May 2009 Archives

June Conferences


This month I’m going to two conferences: SMBE and Evolution.

At SMBE, I’ll be giving a poster in poster session #2 on Friday, June 5th. Drop by between 8–9pm and take your picture with Prof. Steve Steve.

At Evolution, I’ll be giving my talk on Tuesday, June 16th at 11am, in the “Population Genetic Modeling” section.

In my previous post, I mention that I will email you a reprint of a paper, if you send an email to [Enable javascript to see this email address.]. I actually do nothing. The reprint is handled automatically using my Procmail. In this post I will explain how I got it to work.

The first thing to note is that my email supports sub-addressing. This means that in the above email address, the mail is delivered to “reed” with argument “2009b”. I use this argument to determine that the sender is looking for a PDF reprint of my recent paper.

Next I had to modify my .procmailrc to copy 2009b requests to a specific folder and reply to them with the paper. Here is my solution, which is based somewhat on the solution for vacation notice emails with Procmail.

PLUS=$1 #copy the sub-address into variable PLUS


* PLUS ?? ^2009b$
* !^X-Loop: reed+2009b@[snip]
* !^X-Spam-Status: Yes

   :0 A
   | (formail -r -A"From: reed@[snip]" -A"X-Loop: reed+2009b@[snip]" \
        -I"MIME-Version: 1.0" \
        -I"Content-Type: multipart/mixed; boundary=\"------------070504020300020208040609\""; \
      cat $HOME/papers/2009b.msg ) | $SENDMAIL -oi -t

This solution will copy and auto-reply to the incoming email if it matches the +2009b argument, is not from an email list, has not already been auto-replied to, and is not spam.

To send the reply, I use the formail tool that comes with Procmail to construct the reply. This involves using flags to specifying some email header variables, followed by catting a prespecified email body that contains the encoded attachment. I generated the body by sending myself the email and attachments that I wanted to send out to people, and then copying the body of the message to a text file, 2009b.msg. I just had to copy the boundary header used by my email program to the formail recipe above.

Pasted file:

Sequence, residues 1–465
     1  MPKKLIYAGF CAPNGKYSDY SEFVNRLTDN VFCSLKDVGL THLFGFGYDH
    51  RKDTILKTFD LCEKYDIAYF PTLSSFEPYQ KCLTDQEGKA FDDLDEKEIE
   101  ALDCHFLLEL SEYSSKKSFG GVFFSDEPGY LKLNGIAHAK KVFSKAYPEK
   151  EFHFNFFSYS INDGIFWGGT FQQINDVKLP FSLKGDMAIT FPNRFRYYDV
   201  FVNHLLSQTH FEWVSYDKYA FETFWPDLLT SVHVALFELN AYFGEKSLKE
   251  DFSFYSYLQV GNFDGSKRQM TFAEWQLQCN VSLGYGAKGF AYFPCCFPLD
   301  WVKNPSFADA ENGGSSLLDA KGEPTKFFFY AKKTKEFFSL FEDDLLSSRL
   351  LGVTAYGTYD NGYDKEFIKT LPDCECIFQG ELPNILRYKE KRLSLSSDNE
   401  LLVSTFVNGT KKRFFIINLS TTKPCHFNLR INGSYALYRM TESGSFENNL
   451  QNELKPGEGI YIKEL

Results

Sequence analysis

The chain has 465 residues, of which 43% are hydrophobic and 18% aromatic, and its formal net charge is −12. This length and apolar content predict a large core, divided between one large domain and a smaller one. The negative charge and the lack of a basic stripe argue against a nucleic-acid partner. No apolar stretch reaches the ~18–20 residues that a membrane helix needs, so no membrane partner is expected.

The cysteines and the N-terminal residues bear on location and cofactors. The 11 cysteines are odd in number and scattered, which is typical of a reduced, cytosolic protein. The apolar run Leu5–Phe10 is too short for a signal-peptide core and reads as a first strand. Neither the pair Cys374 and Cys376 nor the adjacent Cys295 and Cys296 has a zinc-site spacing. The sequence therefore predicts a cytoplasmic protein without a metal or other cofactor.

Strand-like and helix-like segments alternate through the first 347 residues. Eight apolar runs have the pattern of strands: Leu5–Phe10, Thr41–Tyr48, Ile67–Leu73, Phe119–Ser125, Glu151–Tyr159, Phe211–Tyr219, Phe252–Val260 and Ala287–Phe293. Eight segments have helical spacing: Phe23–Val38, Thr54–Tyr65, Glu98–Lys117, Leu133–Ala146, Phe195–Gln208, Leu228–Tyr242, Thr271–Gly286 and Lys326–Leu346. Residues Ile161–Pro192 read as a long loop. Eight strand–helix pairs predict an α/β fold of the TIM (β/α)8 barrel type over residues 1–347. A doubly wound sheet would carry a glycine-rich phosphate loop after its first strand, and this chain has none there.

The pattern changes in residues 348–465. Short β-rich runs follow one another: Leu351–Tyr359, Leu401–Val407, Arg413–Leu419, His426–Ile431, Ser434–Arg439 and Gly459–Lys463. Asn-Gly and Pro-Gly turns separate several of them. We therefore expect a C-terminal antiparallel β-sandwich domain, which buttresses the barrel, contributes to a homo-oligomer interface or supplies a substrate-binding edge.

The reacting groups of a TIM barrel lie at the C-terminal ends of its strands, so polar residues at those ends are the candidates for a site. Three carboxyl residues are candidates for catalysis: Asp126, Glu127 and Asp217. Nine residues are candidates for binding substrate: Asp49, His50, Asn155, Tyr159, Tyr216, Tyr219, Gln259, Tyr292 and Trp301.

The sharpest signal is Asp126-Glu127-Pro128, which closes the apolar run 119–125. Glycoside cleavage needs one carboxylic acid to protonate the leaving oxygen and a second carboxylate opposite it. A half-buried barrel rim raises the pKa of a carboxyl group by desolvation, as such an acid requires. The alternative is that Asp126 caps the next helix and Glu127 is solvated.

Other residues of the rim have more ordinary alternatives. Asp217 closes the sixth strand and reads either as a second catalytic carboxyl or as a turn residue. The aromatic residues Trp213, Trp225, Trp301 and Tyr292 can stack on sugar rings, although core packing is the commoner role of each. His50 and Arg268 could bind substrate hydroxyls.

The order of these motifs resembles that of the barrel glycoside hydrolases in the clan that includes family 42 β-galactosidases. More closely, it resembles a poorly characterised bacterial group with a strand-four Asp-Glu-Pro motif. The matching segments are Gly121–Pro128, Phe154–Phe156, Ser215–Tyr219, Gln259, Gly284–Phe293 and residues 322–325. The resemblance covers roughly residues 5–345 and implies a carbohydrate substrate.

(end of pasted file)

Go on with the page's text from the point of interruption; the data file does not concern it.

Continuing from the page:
This rule can be expanded to autorespond to multiple requests and to handle formail or sendmail errors.

The final chapter of my dissertation has finally been published in Molecular Ecology. This is the project that got me involved with the software SPAGeDi. Although, none of that work remains in the final version of the paper, I have successfully collaborated with the authors of SPAGeDi to make it portable to Linux and OS X. The portable version will soon be made public.

Anyway, the citation of my paper is

Cartwright RA (2009) Antagonism between local dispersal and self-incompatibility systems in a continuous plant population. Molecular Ecology 18:2327-2336. [doi:10.1111/j.1365-294X.2009.04180.x]

Unfortunately, there is not a free version available yet online. The research was partially funded by NIH, so a copy should show up in pubmed in several months. Until then, you can email me at [Enable javascript to see this email address.] (NB this is not my usual address), and I’ll send you a reprint.

Abstract: Many self-incompatible plant species exist in continuous populations in which individuals disperse locally. Local dispersal of pollen and seeds facilitates inbreeding because pollen pools are likely to contain relatives. Self-incompatibility promotes outbreeding because relatives are likely to carry incompatible alleles. Therefore, populations can experience an antagonism between these forces. In this study, a novel computational model is used to explore the effects of this antagonism on gene flow, allelic diversity, neighborhood sizes, and identity-by-descent. I confirm that this antagonism is sensitive to dispersal levels and linkage. However, the results suggest that there is little to no difference between the effects of gametophytic and sporophytic SI on unlinked loci. More importantly both GSI and SSI affect unlinked loci in a manner similar to obligate outcrossing without mating types. This suggests that the primary evolutionary impact of self-incompatibility systems may be to prevent selfing, and prevention of biparental inbreeding might be a beneficial side effect.


I haven’t blogged here in a while, but I do have some recent posts on Panda’s Thumb.

I’ve been busy recently. I’ve flown to Oxford and Montreal for postdoc interviews. I’m also preparing a poster for SMBE in Iowa and a talk for Evolution in Idaho.

I’m currently on vacation. We went snorkeling in Florida: Wakulla Springs, Ginnie Springs, Santa Fe River, Ichetucknee River, and Rainbow Springs.

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This page is an archive of entries from May 2009 listed from newest to oldest.

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